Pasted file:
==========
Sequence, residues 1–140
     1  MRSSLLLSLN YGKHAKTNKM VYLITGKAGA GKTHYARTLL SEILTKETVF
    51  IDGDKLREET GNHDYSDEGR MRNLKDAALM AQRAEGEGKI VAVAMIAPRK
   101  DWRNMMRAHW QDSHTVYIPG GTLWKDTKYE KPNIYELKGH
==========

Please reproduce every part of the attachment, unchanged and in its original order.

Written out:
Sequence, residues 1–140
     1  MRSSLLLSLN YGKHAKTNKM VYLITGKAGA GKTHYARTLL SEILTKETVF
    51  IDGDKLREET GNHDYSDEGR MRNLKDAALM AQRAEGEGKI VAVAMIAPRK
   101  DWRNMMRAHW QDSHTVYIPG GTLWKDTKYE KPNIYELKGH